Provincial and territorial leaders gathered in Victoria Sunday evening for their first meeting together since Finance Minister Jim Flaherty announced the federal government would stop providing health-care transfers at an annual increase of six per cent after 2016-17, and instead tie funding to economic growth.
In an interview airing on CBC Radio's The House, British Columbia Premier Christy Clark and Nova Scotia Premier Darrell Dexter made their positions on health-care funding known ahead of the two-day Council of the Federation meeting.
Clark told host Evan Solomon "the prime minister is right about this. If we keep spending increases at the rate that we have, we will bankrupt the system."
While Clark, who is hosting the meeting, agrees with the federal government's decision to link the funding of health transfers to the rate of growth in nominal GDP, she told Solomon she had a word with Prime Minister Stephen Harper about moving to per-capita funding.
"This idea that we're going to go to a straight per-capita funding for health care without adjusting it for age, it can't happen," said Clark. "I'm not saying throw away per capita. I'm saying refine it."
The move to per-capita allocation was announced by the federal government in 2007 to ensure that all Canadians would receive the same health-care support from Ottawa, no matter where they reside.
But according to Clark, "you cannot run a health-care system where you assume that the person who is 29 years old is going to incur the same amount of health care costs as someone who is 85 years old."
"You can't run a health-care system, you can't run a country, unless there is age-adjusted per capita. That's what I told [Harper]," said Clark.
The prime minister met briefly with Clark Thursday evening while in British Columbia on other business.
'Abdication' of responsibility
In contrast, Nova Scotia Premier Darrell Dexter disagreed with the federal government's plan to nix the six per cent escalator.
Dexter called Flaherty's announcement "an abdication of the responsibility of the federal government with respect to a national health-care system."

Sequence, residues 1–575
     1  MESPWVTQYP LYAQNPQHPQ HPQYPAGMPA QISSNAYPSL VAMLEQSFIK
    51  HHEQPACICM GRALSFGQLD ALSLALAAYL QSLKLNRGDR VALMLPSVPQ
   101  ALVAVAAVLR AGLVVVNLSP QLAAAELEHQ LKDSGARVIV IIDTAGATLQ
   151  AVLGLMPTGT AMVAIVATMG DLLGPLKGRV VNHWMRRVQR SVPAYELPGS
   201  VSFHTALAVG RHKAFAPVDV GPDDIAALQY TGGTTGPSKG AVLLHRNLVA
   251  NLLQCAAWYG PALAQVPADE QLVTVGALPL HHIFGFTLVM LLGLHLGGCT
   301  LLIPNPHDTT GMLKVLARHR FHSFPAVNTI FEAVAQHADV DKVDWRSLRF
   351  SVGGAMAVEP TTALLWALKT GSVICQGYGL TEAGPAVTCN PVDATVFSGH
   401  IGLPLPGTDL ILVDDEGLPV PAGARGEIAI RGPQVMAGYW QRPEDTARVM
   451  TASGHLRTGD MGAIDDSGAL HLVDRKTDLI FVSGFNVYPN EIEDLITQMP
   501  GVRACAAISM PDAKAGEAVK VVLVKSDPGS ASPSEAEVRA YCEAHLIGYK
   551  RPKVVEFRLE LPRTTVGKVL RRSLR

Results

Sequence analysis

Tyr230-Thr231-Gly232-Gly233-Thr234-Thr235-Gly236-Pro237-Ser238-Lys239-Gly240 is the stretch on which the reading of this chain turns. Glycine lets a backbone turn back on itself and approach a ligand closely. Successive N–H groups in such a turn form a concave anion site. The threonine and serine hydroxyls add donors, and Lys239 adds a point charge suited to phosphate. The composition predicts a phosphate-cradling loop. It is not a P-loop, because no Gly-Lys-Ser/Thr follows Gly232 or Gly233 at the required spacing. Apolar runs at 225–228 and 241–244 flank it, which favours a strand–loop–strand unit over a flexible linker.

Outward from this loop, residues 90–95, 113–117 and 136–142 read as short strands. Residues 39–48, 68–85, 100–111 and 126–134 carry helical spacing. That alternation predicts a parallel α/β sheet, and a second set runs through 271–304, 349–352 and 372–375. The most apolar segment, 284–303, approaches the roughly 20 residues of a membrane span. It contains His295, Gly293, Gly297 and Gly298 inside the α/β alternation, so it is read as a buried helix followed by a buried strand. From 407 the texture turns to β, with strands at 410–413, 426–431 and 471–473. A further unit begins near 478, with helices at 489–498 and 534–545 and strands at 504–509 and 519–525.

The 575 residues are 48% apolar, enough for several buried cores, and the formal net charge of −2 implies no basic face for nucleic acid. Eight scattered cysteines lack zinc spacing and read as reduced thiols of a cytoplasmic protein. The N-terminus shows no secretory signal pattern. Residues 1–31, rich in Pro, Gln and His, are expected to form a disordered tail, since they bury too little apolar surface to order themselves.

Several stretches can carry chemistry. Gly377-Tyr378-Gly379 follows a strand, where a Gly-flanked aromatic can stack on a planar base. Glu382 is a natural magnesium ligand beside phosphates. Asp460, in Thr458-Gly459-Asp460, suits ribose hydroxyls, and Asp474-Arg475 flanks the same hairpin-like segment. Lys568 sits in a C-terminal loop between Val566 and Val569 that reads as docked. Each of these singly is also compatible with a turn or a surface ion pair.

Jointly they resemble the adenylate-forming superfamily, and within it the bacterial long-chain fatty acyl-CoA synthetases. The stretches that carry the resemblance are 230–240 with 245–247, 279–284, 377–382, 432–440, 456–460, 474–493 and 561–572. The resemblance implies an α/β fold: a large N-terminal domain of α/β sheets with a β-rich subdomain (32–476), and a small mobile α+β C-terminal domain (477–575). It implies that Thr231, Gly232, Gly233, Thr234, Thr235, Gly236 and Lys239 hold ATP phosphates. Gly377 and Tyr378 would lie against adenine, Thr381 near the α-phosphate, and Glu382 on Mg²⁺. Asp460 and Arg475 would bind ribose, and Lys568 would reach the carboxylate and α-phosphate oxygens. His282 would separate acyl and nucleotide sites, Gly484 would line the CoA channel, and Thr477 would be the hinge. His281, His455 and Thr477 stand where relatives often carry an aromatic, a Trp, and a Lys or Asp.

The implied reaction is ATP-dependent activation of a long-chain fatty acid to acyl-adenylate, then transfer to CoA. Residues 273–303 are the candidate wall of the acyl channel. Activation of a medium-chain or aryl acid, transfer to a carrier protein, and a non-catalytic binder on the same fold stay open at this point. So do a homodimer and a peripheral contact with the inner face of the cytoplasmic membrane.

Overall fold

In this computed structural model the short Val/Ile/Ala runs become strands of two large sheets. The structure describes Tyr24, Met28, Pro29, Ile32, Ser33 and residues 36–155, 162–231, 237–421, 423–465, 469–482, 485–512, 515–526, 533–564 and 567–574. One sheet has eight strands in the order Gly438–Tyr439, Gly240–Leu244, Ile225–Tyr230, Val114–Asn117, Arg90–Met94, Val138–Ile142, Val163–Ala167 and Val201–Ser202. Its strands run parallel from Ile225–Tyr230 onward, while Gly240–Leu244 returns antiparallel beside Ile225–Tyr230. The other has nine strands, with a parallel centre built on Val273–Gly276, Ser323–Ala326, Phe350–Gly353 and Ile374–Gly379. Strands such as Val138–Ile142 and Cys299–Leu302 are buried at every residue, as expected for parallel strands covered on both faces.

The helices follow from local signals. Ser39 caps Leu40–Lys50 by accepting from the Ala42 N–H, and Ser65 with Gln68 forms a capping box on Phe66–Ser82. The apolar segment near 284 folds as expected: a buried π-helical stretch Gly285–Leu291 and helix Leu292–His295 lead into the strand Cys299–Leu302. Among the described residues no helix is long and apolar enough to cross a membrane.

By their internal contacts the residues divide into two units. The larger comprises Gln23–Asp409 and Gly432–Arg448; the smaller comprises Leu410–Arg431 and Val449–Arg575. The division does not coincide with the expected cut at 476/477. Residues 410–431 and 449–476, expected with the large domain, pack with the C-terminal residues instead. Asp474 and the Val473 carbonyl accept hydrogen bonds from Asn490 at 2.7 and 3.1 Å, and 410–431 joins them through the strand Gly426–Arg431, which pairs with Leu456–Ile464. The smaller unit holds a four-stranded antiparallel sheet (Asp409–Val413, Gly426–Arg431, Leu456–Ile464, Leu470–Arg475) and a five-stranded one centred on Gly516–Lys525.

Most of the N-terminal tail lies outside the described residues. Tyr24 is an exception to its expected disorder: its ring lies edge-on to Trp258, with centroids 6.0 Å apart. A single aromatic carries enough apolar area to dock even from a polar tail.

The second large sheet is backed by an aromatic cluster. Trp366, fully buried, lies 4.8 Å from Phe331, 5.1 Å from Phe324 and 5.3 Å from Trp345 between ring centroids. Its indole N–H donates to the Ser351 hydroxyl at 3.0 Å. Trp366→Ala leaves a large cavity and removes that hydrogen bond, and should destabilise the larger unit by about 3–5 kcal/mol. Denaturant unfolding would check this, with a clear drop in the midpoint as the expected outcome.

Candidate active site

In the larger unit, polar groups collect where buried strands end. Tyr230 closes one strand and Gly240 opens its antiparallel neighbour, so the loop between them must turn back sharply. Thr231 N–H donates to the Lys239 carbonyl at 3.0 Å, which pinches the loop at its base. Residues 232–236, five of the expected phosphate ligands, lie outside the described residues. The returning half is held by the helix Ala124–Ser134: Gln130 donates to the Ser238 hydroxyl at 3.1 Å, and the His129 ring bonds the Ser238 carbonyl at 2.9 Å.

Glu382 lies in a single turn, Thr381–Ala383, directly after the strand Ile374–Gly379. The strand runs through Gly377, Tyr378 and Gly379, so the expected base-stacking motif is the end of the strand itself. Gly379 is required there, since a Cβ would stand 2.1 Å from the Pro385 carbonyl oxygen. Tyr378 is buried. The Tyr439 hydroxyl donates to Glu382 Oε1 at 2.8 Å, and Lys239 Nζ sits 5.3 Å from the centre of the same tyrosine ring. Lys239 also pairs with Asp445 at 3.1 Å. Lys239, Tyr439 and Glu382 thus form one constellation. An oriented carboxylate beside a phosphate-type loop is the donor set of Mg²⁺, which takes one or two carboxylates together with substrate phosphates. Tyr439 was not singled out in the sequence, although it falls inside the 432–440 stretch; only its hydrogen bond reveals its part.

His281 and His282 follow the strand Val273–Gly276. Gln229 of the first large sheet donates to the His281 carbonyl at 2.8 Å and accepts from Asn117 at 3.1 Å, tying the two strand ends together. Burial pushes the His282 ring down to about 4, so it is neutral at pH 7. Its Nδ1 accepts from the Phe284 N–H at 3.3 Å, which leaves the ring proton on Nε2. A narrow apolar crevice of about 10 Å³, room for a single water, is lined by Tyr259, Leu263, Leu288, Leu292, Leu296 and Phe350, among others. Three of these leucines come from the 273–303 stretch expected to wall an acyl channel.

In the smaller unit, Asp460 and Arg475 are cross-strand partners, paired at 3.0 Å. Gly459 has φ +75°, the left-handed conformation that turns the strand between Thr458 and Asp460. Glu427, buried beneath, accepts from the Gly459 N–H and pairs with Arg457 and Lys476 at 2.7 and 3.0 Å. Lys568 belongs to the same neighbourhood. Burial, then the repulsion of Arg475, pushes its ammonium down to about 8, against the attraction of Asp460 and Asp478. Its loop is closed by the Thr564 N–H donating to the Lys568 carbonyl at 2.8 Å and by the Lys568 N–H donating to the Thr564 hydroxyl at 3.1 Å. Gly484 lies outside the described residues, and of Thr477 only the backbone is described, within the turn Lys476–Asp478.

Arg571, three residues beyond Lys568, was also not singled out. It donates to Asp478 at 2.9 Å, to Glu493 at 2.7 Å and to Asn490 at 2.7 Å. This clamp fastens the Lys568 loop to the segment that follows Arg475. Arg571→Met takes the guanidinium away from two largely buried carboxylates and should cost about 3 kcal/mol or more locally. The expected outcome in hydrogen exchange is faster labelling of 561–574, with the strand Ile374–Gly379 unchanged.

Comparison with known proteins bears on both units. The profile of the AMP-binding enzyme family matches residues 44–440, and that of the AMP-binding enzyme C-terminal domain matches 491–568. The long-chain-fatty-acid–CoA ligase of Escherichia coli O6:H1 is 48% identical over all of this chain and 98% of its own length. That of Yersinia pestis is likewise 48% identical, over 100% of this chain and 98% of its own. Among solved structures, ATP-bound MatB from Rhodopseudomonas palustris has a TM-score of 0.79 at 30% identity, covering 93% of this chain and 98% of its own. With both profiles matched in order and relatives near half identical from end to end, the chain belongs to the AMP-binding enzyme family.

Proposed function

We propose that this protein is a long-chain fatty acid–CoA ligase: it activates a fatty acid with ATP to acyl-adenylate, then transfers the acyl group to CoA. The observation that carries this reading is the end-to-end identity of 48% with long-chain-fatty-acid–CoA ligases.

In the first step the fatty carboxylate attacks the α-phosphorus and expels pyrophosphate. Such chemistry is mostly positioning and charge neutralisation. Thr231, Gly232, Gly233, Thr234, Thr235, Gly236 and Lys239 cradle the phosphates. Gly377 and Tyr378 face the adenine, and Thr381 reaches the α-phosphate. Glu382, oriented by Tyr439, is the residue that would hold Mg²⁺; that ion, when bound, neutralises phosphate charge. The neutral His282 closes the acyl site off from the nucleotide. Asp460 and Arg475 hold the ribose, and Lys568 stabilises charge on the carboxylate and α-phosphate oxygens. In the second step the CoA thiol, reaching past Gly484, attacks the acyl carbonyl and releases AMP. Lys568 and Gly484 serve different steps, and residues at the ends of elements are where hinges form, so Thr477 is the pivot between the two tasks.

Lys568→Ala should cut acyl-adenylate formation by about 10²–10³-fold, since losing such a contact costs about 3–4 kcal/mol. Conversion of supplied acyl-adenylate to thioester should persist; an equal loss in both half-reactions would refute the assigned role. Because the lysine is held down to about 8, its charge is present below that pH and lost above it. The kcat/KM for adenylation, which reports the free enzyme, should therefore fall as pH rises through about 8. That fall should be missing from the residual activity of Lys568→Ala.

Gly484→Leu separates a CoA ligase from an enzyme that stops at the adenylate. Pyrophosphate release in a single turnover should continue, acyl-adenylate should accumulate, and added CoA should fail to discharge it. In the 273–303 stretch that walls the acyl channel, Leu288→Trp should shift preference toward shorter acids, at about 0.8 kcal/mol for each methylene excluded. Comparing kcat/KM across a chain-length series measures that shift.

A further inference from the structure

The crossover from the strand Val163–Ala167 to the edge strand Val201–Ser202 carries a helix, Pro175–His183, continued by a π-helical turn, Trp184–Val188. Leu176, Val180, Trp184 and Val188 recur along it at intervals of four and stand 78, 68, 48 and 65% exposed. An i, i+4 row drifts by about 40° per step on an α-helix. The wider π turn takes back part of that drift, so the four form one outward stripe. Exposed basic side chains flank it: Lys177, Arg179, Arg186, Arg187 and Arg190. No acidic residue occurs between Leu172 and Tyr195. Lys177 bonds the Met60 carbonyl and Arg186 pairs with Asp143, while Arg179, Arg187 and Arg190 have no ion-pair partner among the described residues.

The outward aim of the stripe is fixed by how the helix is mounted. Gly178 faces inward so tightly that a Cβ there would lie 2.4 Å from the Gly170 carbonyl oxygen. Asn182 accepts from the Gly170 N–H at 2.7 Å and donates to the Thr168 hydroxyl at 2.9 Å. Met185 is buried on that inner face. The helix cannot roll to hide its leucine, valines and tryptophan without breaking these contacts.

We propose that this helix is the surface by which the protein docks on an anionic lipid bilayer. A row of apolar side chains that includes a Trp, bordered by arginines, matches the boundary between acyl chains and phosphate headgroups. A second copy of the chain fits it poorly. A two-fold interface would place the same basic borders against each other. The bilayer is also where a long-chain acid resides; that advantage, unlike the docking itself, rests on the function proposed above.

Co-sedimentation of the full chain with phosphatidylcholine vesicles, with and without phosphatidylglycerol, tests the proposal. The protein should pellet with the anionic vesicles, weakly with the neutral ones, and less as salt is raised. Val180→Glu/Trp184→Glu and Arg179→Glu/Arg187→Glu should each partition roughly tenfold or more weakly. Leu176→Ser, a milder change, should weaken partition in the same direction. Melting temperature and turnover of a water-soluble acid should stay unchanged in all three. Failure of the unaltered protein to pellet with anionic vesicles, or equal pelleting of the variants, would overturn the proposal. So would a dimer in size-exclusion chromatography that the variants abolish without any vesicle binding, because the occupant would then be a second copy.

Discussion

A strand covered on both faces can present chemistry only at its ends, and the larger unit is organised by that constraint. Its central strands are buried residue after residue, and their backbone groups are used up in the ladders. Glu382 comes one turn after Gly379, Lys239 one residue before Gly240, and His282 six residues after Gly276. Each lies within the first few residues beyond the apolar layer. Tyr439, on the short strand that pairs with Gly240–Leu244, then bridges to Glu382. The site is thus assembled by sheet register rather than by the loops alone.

According to Dexter, it means there will be "a significantly weaker health-care system in some parts of the country."
Nova Scotia, for instance, would "lose $18 million in the first year but by the time it was fully in gear, we would receive about $157 million a year less under the Flaherty formulation," said Dexter.
For his part, Quebec Premier Jean Charest deplored the lack of consultation with the provinces when the federal government made its announcement in late December.
In an interview with Radio-Canada's flagship political program Les Coulisses du Pouvoir, Charest told Emmanuelle Latraverse the way in which the entire thing was handled was "unacceptable."
"There was no discussion, no dialogue, it was unexpected, and came as a surprise to all," he said Sunday.
"What's the point of working inside a federation if we don't talk to each other," asked an indignant Charest. He said it was "never before seen" in provincial-federal discussions.
Charest also said he intends to raise the issue of equalization payments during the two-day meeting.
New Democrats held a roundtable on health care featuring over a dozen experts in Victoria on Sunday.
NDP health critic Libby Davies accused Ottawa of not doing more on the file.
"After investing over $160 billion in health care, many of the reforms included in the 2003-04 health accords have seen little or even no improvement under Stephen Harper’s leadership," said Davies in a press release.
While it is clear that each province and territory is drawing their battles lines with respect to health-care funding, it is less certain what will unite them in future discussions with Ottawa.
Premiers began comparing notes during a dinner on Sunday night, with discussions officially getting underway Monday.